We seemed to settle to the task, though, with a lively Cadamarteri causing early problems for the Huddersfield defence, at one stage rapping the ball into the back of the net, but the linesman's flag had been up for offside well before the ball had reached him. Nevertheless, it looked promising. At the back though we seemed desperate to give away another goal as time and again Tiler and Ball showed a singular lack of understanding, with Tiler's distribution being poor and Ball's positional sense having gone walk about.

After 17 minutes, referee Geoff Winter awarded Everton a free kick, wide on the right. The ball was looped across to find an unmarked Materazzi at the edge of the six yard box, on the far side of the goal. A delightful lobbed(?) header drifted sweetly across the goal, over the keeper and into the net. Marco went wild, celebrating his goal. But the linesman had his flag up again and the goal was disallowed for offside, though just who could possibly have been interferring with play is a mystery me.

At this point Materazzi lost his cool and chased the referee. The resulting interchange resulted in a yellow card for the central defender and his first goal for the club wiped out. Still, despite still being one down we had had the ball in the net twice. Thought's of a question asked of me before the game (Dad, what's the highest number of disallowed goals in a single game?), to which I had replied with a confident "No idea", tripped around in my head. Was I going to be able to answer it correctly before the night was over?

The game went on with us looking increasingly comfortable and in control. Still, though we trailed, until a free kick from about 10 yards outside the box was curled precisely by Olivier Dacourt into the top right hand corner of the Huddersfield goal. Third time lucky? You bet! Dacourt goes off on a celebration-fest and Goodison erupts to the sight of the first home goal of the current season.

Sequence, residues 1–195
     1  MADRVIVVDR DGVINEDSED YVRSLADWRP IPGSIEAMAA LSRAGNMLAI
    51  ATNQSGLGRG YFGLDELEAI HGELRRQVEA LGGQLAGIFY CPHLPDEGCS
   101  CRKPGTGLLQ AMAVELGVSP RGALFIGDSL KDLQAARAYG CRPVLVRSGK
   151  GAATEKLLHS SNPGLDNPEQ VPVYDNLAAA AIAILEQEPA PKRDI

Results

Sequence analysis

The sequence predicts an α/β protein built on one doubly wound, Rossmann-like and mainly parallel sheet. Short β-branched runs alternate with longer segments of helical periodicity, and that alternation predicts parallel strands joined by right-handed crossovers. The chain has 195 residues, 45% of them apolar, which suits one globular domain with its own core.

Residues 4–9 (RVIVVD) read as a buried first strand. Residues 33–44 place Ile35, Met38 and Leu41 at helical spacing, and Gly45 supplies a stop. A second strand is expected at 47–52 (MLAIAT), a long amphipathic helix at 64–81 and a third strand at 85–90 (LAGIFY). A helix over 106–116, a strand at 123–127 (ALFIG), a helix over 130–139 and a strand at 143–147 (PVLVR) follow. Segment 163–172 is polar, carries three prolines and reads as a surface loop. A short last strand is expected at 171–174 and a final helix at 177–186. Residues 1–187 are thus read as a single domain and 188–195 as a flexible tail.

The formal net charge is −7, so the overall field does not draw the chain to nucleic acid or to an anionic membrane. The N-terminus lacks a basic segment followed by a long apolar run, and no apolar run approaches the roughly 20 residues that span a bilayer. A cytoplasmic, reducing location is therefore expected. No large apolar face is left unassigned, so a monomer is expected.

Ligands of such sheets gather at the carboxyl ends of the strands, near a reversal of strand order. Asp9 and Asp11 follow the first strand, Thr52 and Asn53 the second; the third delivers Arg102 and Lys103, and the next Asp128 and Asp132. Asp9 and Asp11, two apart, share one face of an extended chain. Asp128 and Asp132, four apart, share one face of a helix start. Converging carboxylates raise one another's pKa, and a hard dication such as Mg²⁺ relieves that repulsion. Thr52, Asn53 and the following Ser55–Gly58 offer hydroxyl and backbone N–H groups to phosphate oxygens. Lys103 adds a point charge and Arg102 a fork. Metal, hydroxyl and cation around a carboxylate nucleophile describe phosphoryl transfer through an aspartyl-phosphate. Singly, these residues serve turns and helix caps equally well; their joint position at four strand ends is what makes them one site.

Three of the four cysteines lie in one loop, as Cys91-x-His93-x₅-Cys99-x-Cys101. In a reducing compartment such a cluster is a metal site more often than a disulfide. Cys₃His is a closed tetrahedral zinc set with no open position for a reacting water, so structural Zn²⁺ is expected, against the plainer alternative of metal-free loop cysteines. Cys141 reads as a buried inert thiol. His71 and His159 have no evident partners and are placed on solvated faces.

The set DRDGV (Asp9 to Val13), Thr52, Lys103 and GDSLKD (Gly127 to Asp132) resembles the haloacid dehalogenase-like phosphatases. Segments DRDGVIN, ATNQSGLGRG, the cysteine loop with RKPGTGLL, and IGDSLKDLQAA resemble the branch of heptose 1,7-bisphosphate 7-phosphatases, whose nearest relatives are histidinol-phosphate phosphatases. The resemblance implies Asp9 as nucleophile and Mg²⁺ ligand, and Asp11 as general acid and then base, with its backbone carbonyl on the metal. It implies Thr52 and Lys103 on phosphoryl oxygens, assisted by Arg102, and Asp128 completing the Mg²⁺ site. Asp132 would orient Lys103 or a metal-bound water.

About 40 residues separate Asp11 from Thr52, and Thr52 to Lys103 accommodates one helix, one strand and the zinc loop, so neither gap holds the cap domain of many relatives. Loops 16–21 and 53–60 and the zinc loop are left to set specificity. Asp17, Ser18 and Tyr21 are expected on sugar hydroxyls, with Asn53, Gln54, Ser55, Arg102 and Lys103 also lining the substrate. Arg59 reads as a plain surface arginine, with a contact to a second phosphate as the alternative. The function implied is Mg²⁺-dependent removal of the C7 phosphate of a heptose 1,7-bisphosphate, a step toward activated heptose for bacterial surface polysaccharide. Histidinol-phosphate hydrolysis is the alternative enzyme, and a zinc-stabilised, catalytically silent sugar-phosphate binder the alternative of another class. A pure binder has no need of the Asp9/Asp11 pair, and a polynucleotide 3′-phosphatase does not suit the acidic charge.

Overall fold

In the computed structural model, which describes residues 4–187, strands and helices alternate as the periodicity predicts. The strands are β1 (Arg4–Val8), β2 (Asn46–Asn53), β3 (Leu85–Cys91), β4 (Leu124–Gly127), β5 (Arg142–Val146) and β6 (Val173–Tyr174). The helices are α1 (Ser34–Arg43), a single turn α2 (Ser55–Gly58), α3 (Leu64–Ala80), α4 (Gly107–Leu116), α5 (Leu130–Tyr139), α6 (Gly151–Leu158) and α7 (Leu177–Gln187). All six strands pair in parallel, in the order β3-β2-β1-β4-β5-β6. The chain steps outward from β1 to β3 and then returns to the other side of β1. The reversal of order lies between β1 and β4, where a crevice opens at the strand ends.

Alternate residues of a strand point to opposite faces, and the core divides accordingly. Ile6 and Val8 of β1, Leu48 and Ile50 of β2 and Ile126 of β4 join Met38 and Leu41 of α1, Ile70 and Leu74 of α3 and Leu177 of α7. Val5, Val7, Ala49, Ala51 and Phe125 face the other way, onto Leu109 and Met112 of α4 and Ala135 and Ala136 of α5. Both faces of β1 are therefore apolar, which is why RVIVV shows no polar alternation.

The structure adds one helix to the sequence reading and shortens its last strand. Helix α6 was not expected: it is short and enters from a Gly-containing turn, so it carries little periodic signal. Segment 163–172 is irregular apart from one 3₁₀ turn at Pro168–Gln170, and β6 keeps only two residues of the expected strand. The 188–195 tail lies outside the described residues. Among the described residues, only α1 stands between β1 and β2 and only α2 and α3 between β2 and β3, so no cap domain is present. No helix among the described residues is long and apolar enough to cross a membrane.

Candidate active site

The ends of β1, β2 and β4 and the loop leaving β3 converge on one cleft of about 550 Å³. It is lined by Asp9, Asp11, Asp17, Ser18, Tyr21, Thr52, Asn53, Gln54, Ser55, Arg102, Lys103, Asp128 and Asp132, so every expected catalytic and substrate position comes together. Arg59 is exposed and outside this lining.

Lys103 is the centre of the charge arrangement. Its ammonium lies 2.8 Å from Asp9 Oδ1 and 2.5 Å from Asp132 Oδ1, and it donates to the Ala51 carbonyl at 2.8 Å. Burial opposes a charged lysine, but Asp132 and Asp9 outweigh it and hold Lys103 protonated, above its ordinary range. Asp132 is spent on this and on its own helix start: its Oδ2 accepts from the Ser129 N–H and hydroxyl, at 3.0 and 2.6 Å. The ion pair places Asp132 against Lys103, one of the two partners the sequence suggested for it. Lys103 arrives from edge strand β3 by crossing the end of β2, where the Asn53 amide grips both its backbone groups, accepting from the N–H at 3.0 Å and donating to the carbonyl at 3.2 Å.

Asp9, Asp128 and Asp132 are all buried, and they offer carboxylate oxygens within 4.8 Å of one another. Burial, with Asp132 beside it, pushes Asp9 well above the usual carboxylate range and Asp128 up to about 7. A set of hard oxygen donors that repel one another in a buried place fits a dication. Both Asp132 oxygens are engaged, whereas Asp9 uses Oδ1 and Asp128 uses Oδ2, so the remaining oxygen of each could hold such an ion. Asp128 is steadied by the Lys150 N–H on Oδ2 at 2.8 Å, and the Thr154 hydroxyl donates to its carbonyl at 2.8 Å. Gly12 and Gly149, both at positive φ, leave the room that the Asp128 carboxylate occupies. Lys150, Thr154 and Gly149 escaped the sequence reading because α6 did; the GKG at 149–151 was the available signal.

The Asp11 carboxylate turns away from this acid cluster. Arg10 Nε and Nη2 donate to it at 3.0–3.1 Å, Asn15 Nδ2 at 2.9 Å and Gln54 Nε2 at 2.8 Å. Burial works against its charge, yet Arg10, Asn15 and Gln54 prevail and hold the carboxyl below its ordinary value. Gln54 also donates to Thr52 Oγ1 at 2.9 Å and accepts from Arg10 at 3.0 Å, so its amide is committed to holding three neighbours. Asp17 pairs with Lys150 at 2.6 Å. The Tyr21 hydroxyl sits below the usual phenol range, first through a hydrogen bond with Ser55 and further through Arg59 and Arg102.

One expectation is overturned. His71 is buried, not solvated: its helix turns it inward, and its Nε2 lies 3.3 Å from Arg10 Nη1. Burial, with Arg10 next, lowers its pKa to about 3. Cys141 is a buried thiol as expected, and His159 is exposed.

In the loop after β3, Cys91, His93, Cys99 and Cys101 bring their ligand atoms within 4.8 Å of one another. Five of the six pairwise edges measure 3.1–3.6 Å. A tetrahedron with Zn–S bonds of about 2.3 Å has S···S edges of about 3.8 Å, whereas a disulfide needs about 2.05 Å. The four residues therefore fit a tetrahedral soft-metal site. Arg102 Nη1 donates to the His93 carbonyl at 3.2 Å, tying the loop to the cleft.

The second came from an unlikely source. Defenders are generally accepted as non-strikers but for the second time on the night Materazzi saw his touch nestle in the net. This time it was OK, and he turned to face the goal (having delivered a deft backheel to finish off the chance) and celebrate what really was his first goal for the club.

Half time and we're 2-1 up and yet we hadn't really played all that well, Cadamarteri, Dacourt and to a lesser extent Hutchison apart. In fact I'd go as far as saying that Tiler and Oster were having stinkers and Ferguson and Ball were doing their level best to match their "quality".

The second half was something of a let down, with neither side particularly threatening. It was punctuated by a series of fouls, resulting in bookings for Materazzi (again – which resulted in his dismissal – when will they ever learn to keep their mouths shut? Dissent + 1 bad foul = off) and an increasingly frenetic Dacourt. The Materazzi dismissal happened as the referee had words with the Italian following a clumsy earlier tackle which he had let go because he played advantage.

It nearly backfired on him though as my man-of-the-match Cadamarteri danced to the by-line and delivered a ball across to Ferguson, who missed it allowing the ball to fall nicely about 8 yards out with an open goal to Oster. Redemption beckoned, but it wasn't to be as Oster blasted the ball – high, wide, and definitely not very handsome – into the crowd. Cue the referee's talk to Materazzi and his exit for an early bath.